“They were nice enough kids, but could get a little out of control at times. Little by little, we devised a plan to ‘encourage’ them to leave by gradually relocating seating and vending machines, and installing large mirrors to eliminate the out-of- sight nooks they had always enjoyed.With the laundry not being continuously attended, we tried to avoid developing an openly adversarial relationship with individuals who had all the free time in the world and who lived only minutes away from the store. Plus, at that time, there were no security recording cameras. We also increased our presence during the times they had been used to having the run of the laundry, and eventually they stopped coming.”

There was also a rather large issue with the restroom.

“The previous owner apparently, because he had experienced some minor vandalism, kept the restroom locked, even while he was in the store, and customers had to ask for the key,” Heberle said. “When he wasn’t in the store, and they needed to use the restroom, they’d have to go to a nearby restaurant or gas station, and it became a major annoyance that customers continually complained about. So, we finally decided to stop locking the restroom door – and with only occasional problems with ‘drifters’ using it, minor messes being made, and a toilet paper roll or two being stolen. At first, the small bottles of soap disappeared, but then we switched to a wall dispenser with foam soap, and we haven’t had any issues since.”

According to Heberle, the clientele for the store is all over the map – from people who live in the neighborhood to college students and professors to vacationers to those from the rural outskirts with wells running dry during summer. Mostly, though, the store’s customer base is comprised of working people – or, at the very least, people looking for work.

Heberle added that a number of his customers have been coming to this store since they were kids and remember a number of different owners and how the laundry was run way back when.

Over the years, Dave and Marianna have tried a number of advertising and marketing initiatives. Some worked, while others didn’t. Some were just too expensive, and others were inexpensive but it was difficult to gauge their effectiveness. And, because the laundry isn’t staffed all the time, it’s difficult to run promotions. Thus far, the largest advertising draw has been the addition of an electronic sign installed near the heavily traveled main street in front of the store.

The Heberles also tried offering free WiFi to their customers, but the couple recently eliminated that feature.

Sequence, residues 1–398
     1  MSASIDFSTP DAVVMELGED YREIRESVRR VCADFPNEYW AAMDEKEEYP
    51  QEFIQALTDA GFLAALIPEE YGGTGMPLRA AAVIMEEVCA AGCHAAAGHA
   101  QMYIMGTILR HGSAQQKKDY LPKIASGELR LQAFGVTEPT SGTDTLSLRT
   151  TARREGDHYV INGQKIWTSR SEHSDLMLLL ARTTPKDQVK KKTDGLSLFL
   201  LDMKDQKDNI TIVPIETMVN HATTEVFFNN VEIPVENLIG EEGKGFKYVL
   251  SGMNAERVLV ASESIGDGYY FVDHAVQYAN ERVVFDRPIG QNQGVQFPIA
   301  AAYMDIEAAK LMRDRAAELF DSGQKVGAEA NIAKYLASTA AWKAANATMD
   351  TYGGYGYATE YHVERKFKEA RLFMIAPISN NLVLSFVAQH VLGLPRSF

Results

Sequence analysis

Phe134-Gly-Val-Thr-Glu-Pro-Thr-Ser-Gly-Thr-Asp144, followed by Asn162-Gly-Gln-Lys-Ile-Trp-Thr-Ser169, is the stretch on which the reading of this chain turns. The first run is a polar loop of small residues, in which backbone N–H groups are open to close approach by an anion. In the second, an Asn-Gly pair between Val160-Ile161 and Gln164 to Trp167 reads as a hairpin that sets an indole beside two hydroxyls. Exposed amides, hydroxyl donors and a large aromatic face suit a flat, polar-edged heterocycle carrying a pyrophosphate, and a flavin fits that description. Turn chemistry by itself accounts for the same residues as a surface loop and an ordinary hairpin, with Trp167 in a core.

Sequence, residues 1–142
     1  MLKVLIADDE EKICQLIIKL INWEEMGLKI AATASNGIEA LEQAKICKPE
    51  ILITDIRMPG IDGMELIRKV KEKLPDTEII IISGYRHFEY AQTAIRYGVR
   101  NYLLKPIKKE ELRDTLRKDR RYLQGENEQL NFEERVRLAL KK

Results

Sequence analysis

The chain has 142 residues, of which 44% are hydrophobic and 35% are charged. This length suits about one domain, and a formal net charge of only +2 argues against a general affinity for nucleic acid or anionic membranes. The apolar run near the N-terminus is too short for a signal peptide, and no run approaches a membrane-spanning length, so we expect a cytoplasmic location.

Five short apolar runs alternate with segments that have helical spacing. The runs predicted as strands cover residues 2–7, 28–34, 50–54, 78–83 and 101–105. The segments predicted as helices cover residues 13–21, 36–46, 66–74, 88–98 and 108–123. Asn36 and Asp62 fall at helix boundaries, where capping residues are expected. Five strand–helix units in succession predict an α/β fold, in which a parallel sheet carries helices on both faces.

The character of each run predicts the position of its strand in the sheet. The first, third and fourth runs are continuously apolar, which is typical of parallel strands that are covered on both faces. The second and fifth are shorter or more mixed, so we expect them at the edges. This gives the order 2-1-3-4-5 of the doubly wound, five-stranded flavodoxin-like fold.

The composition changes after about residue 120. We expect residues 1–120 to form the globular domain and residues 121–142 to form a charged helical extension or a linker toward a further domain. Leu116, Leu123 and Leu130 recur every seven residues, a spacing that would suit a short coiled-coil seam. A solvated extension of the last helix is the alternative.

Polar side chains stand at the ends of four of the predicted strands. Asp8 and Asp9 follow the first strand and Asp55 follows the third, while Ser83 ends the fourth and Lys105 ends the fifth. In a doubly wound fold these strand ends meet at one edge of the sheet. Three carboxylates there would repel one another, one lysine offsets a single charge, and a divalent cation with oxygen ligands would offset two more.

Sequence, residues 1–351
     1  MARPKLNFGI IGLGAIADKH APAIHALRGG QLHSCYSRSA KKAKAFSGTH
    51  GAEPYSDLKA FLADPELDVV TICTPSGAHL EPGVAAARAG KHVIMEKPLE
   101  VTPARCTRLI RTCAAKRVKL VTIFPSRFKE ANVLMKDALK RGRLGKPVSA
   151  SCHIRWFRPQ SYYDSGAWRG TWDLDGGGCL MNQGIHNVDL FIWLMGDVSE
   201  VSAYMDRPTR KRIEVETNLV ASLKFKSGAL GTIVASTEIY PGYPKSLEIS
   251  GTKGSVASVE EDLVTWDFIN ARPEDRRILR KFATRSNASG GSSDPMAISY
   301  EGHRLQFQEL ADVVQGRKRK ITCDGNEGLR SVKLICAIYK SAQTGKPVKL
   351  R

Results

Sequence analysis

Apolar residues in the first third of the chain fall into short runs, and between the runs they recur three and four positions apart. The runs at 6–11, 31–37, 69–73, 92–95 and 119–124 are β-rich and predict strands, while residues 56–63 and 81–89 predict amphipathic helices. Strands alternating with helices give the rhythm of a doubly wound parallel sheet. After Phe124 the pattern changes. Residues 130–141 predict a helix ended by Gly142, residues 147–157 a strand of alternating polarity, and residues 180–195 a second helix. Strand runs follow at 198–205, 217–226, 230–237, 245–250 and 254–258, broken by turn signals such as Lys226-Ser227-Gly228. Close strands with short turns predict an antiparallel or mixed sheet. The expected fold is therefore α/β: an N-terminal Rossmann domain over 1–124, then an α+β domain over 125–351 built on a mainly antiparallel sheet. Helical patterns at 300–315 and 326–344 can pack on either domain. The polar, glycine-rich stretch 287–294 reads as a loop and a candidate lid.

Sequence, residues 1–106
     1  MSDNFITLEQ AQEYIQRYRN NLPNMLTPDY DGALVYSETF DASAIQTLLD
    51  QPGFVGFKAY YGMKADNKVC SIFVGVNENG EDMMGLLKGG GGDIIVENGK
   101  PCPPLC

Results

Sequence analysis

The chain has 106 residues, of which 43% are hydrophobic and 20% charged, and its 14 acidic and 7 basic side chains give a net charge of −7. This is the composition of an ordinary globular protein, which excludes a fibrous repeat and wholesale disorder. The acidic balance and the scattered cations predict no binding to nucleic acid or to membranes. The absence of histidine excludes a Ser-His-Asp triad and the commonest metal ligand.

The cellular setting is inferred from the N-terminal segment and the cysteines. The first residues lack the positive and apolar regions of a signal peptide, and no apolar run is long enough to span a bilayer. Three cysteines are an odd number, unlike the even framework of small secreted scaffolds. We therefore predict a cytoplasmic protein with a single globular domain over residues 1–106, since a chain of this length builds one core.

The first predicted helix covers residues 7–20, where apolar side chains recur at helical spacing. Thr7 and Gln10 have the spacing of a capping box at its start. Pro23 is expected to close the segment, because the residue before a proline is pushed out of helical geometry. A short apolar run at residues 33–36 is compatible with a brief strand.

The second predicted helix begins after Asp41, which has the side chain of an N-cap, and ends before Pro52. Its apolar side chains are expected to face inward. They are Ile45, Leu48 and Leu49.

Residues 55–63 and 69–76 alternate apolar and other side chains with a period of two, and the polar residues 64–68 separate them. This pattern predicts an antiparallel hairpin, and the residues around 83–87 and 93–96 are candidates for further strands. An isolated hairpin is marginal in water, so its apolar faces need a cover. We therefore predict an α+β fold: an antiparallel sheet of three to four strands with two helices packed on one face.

“That just led to people clogging up the store and taking up parking spaces, as they sat there for hours using the WiFi with a pair of socks spinning in the dryer,” Dave explained.

As with many self-service laundries, the best advertising has come mainly in the form of position word-of-mouth from happy repeat customers.

American Coin Laundry is surrounded by just about every type of business one can imagine. There are restaurants, barber shops, banks, schools, grocery stores, convenience stores, florists, video rentals, car washes, a U.S. Post Office, a cell phone store, pharmacies and so on. If you can think of it, it is probably close by.

And, because the store’s market is located in a hub of activity, there also are six other laundromats within a 10- to 20-minute drive of Dave and Marianna’s store. However, the couple attempts to differentiate its business from the others by being cleaner and brighter, with a very straight forward layout. As Dave said, the store exudes his wife’s personality, as “she has become the business.”

Other than Marianna, who spends about eight to 10 hours a day at the store, there are no attendants. As a result, the store does not offer wash-dry-fold or commercial laundry services.

The store is open daily from 6:00 a.m. to 9:30 p.m., and by appointment on occasions for large-quantity users.

American Coin Laundry never closes, even on holidays, because, according to Heberle, it’s actually more trouble to be closed than open; the doors open and lock on timers, and some customers seem to have developed traditions on being at the laundry on certain holidays when most other laundries are closed.

Dave and Marianna have been pleased with the success of American Coin Laundry that they recently purchased a second, existing store about a mile away. They hope to repeat their success by following the same plan and again imprinting Marianna’s personality on this business as well.

Read the full article at http://digitaleditions.walsworthprintgroup.com/article/BUSINESS+PROFILE/1150932/123429/article.html.